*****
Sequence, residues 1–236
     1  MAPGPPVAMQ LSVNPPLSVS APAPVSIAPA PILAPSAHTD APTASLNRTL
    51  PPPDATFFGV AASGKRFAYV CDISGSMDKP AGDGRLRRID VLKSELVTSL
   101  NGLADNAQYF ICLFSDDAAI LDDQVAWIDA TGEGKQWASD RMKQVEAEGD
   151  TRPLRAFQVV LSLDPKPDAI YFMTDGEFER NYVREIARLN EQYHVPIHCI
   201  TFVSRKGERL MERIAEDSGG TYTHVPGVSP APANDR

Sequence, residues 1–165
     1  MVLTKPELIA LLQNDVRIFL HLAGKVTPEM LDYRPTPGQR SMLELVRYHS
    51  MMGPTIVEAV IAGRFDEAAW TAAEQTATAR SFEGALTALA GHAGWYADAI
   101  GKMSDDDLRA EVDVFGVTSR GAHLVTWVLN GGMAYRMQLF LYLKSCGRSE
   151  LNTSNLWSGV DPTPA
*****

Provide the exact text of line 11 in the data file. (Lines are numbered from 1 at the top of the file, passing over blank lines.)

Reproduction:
   151  LNTSNLWSGV DPTPA